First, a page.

Come to the Light

A Homily for the Fourth Sunday of Lent, Year B


Imagine you’ve been in bed for a few days due to the flu.  You are on your way to recovery, but you still feel lousy.  Your room reeks of sickness and needs to be aired out.  The waste can by your bed is overflowing with dirty Kleenex.  You haven’t brushed your teeth yet today, and you know your breath stinks.  Your hair is a mess, and there’s sand in your eyes.  You don’t want to see anyone.  You just want to be left alone.  Suddenly there’s a knock at the door, and in barges one of your well-intentioned family members bearing a tray with supper.  It’s a delicious lobster dinner from the Marblehead Chowder House, with all the fixings: a Caesar salad with anchovies, cole slaw, baked potato with sour cream and chives, coffee, and bread pudding for dessert.  Normally, such a meal would send you into a rapture of delight.  Now, however, it’s the last thing you want to see.  “Take it away!” you exclaim.  It’s all you can do to keep yourself from tossing your cookies and throwing the tray across the room.

Here’s the lesson: When we are not healthy, we recoil at the best things in life.  How many people with a temperature of 101° would want to go skiing?  How many people with a severe migraine headache would want to attend a performance of Bach’s Mass in B Minor?  Some years ago, I married a young couple at Our Lady of Perpetual Help Church in Bethlehem.  At the wedding reception, the groom and his father-in-law began horsing around and got into a good-natured tussle, as a result of which the groom dislocated his shoulder.  The poor fellow was in serious pain.  How much do you think he enjoyed his honeymoon?  I repeat:  When we are not healthy, we recoil at the best things in life.

What is true of physical sickness is also true of spiritual maladies.  When we are not spiritually healthy—when we are steeped in sin and/or error—we have an aversion to God.  Look what happened to Adam and Eve in the garden.  They ate the forbidden fruit, and what did they do?  They hid from God.[1]

This, I think, is part of what Our Lord is trying to tell us in our Gospel.  He says:


And this is the verdict, that the light came into the world, but people preferred darkness to light, because their works were evil.  For everyone who does wicked things hates the light and does not come toward the light, so that his works might not be exposed.  But whoever lives the truth comes to the light, so that his works may be clearly seen as done in God. [2]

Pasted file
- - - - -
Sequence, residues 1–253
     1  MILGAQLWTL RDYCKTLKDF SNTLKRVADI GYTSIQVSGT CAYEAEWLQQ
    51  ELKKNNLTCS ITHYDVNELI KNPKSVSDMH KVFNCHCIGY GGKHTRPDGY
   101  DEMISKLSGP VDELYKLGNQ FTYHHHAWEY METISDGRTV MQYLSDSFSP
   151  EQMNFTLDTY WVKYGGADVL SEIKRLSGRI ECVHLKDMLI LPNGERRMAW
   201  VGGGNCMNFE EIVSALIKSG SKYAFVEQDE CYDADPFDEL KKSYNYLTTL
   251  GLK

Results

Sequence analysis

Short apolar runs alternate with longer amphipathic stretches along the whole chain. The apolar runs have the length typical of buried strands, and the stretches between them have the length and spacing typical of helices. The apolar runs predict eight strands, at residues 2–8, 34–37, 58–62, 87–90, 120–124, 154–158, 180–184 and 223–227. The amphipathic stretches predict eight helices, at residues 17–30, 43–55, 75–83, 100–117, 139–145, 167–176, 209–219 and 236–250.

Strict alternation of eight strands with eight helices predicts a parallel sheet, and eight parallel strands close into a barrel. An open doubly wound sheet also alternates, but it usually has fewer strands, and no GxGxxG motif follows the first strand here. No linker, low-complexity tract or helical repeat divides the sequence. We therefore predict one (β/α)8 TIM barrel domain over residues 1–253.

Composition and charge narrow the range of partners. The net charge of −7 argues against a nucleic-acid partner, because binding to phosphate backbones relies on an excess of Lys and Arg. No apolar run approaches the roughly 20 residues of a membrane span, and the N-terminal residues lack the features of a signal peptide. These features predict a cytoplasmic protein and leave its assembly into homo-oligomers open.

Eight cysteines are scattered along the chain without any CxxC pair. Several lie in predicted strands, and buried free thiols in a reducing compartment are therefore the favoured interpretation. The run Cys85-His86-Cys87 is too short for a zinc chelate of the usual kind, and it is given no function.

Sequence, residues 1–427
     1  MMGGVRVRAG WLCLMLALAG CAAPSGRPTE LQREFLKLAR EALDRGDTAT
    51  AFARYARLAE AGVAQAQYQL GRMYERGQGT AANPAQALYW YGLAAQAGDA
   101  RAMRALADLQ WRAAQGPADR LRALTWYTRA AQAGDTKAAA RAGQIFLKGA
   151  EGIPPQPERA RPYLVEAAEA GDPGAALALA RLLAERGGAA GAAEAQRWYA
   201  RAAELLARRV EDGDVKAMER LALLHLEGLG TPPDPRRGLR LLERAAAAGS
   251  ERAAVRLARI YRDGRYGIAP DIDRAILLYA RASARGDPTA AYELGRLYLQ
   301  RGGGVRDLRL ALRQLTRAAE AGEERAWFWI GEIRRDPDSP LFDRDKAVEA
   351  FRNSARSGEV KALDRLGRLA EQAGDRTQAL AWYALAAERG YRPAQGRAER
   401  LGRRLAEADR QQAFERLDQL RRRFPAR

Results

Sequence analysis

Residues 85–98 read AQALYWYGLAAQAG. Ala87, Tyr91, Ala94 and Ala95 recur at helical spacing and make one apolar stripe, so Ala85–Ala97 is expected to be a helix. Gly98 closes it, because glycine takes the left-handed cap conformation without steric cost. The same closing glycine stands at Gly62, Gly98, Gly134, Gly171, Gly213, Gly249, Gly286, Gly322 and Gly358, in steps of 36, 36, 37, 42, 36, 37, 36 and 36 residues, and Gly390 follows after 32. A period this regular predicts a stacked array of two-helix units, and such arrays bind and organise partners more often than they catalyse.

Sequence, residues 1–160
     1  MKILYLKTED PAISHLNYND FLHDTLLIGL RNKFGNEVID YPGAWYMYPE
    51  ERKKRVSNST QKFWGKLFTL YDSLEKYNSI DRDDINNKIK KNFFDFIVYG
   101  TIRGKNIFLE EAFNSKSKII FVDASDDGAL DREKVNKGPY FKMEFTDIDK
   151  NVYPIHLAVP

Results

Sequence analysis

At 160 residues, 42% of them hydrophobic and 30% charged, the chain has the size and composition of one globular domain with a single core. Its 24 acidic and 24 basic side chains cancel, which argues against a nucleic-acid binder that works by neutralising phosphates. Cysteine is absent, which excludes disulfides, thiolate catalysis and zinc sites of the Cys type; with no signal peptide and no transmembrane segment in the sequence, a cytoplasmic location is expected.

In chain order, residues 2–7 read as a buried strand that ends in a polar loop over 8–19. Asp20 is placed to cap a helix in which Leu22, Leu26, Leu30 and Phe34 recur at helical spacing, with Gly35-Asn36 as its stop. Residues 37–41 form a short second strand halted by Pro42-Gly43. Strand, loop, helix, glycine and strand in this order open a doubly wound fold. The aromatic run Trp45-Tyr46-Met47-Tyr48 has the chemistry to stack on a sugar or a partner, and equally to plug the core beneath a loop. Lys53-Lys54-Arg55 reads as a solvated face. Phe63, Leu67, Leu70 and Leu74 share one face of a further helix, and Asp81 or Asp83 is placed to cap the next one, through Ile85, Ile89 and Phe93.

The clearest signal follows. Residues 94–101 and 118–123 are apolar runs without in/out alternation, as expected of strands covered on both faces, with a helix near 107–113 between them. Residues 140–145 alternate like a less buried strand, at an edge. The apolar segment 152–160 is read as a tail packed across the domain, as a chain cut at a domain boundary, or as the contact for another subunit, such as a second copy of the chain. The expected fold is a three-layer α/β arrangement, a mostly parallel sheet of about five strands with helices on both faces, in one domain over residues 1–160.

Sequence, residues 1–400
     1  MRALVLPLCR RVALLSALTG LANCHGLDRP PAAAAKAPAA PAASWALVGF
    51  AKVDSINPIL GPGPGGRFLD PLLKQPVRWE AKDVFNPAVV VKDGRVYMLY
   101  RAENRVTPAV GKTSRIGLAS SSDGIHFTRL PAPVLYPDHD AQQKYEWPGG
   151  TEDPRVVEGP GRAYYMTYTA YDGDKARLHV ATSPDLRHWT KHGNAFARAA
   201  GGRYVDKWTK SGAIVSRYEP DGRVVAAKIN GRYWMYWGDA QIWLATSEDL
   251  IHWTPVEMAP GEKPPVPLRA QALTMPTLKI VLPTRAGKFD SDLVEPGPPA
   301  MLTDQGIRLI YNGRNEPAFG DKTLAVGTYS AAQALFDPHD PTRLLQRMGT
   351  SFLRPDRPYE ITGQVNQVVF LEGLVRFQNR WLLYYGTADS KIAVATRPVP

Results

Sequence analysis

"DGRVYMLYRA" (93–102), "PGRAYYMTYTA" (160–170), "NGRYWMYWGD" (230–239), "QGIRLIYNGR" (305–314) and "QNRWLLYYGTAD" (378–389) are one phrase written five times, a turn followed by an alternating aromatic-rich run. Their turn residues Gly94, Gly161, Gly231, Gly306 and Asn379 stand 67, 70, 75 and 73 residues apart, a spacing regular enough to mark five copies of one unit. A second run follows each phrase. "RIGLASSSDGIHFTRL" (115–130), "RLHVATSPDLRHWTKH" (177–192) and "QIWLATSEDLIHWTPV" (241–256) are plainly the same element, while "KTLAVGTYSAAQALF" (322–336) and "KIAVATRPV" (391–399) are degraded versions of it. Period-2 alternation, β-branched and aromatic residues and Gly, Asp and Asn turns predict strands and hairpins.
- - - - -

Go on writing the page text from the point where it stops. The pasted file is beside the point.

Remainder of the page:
There you have it.  Saint Augustine tells us that God made us for Himself and that we will find our ultimate satisfaction only in Him.[3]  Yet when we are spiritually sick, we find ourselves fleeing from God, the only Source of true happiness and peace.

In order to take my spiritual temperature, I have to ask myself some questions.  Do I have a definite longing to be in God’s presence, or do I think of Him more as an inconvenience, Someone whose demands on my life are more an intrusion than anything else?  Do I have a desire to pray, or will I make any excuse to keep from praying?  Do I want to learn more and more about my faith, or do I find myself time and time again preferring to watch nonsense on the internet?  Do I come to the Sacrament of Reconciliation regularly because I want to be made clean and start life over anew, or do I find myself dreading the experience of confession?  Do I want to instill faith in young people, or am I indifferent about their religious instruction?  Do I treat people as individuals made in the image of God, or do I use people as means to my own ends?

How, by the way, do I regard death?  In his book Love Is Stronger than Death, Peter Kreeft argues that, as we grow closer to God, our perception of death undergoes a gradual change.  First, Kreeft says, we regard death as an enemy, someone who will put an end to all our hopes and dreams. Then, if we grow closer to God, death becomes a stranger, someone with whom we could strike up a conversation but would rather not. If our relationship to God grows closer, death becomes for us a friend, someone with whom we are feeling more comfortable. If we persist in traveling on the path toward God, death is transformed into a mother, someone who will bring us new birth. Finally, if we are really intimate with God, death becomes a lover, someone who will bring us into intimate union with God. In short, do I regard death as a gateway into a better life, or do I think of death as an enemy?

To use the analogy of Jesus, am I drawn to the light, or do I flee from it?  Am I a celestial moth, or am I an infernal cockroach?

One of the greatest highs I have ever experienced in life is the feeling that comes with restored health after a long illness.  Awareness is heightened.  The world seems to sparkle, and there’s a certain joie de vivre, a joy in living.  After weeks of eating bland food and having to struggle just to get the next mouthful down, dinner at the Marblehead Chowder House is pure ecstasy.  If you want to know the truth, it’s just like that when we turn our back on the darkness and begin heading home toward the Light.  Delicious!

[1] Genesis 3:8.

[2] John 3:19-21.

 [3] Fecisti nos ad te et inquietum est cor nostrum, donec requiescat in te.  “Thou madest us for Thyself, and our heart is restless, until it repose in Thee.”  (See Confessions, Book I, Chapter 1.)